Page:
It feels like just yesterday that I was counting down the days until I was finally released from the two-week mandatory government quarantine in Korea, anxious and excited to start my semester abroad at Ewha Womans University. In a blink of an eye, four months have passed and I now have to prepare for my return home. And while I’m excited to see my loved ones again, my feelings surrounding leaving this country that I’ve grown to love are complicated.
First and foremost, I’ve found myself feeling guilty for feeling tired and passing up certain events to catch up on rest. During a normal semester on Main Campus, this is a totally normal part of adjusting to the cold weather and looking forward to winter break— but because studying abroad is a once in a lifetime opportunity, it’s natural to feel guilty about the potential of not making the most of the experience. Even spending just one night in or having a bad mental health day seemed to set the tone for the rest of my week. What if I had gone out? What sights am I missing out on seeing?
It took me a few weeks to snap out of this mentality, and I’m definitely still working on it, but it’s important to remember that it’s okay to have low energy days and let yourself chill for a while, even in the midst of study abroad. After all, you’re juggling multiple classes, assignments, and responsibilities just like any other semester— plus the added stress of navigating daily life in an unfamiliar country.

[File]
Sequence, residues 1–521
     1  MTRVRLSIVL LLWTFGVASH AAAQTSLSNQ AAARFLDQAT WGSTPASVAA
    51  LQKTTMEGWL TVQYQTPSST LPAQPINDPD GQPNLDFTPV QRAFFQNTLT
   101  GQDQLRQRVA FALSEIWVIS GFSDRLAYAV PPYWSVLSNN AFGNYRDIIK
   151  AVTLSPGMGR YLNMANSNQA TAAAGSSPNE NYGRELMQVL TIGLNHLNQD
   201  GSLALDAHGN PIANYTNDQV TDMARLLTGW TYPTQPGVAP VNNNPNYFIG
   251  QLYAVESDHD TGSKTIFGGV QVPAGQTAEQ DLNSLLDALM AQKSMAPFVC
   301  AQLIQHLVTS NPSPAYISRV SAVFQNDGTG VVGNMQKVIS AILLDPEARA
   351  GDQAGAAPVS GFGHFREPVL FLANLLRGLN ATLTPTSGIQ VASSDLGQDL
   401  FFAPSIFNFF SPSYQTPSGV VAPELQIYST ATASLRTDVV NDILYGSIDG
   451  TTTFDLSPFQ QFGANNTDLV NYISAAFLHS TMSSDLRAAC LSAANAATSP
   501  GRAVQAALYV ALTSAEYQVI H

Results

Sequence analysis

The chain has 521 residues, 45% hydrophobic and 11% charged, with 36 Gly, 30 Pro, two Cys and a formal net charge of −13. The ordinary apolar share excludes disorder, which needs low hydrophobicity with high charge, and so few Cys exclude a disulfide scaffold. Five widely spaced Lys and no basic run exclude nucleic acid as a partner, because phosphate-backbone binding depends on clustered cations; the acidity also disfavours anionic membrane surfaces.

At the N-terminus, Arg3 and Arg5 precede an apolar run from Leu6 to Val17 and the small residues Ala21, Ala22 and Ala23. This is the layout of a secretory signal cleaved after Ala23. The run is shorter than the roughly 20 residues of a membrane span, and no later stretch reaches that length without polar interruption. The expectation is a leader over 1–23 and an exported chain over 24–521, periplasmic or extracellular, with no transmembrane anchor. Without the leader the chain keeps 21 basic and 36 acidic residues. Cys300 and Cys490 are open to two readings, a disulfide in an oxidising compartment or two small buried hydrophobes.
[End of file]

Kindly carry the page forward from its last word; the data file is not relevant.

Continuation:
I also made the decision to come home a week earlier than I originally planned, which compared to my plans at the beginning of the semester, even surprised me. After months away from my family, spending the holidays alone seemed less and less appealing as each week passed by. Luckily, I was able to change my ticket in time to make it home before Christmas, which has helped my mental health a lot, knowing that I can look forward to my family’s usual holiday festivities.
I’ve spent a lot of time reflecting on my sometimes frustratingly complicated feelings about my last few weeks abroad and my conclusion has given me some peace. As many times as I’ve revisited this throughout my time in Korea, it really hit me recently: just because I’m abroad doesn’t mean I’m going to magically be a different person. As much as I’d like to imagine it, this wonderful experience that I’ve enjoyed so much isn’t a movie, and I can’t expect it to be. Instead, I need to buckle down and address the mental and emotional needs I always have while struggling with school work and social life each semester— and I shouldn’t be disappointed with myself for acknowledging this truth.
Ultimately, I’m so thrilled to be here and I’m so thrilled to go home. And that’s completely okay.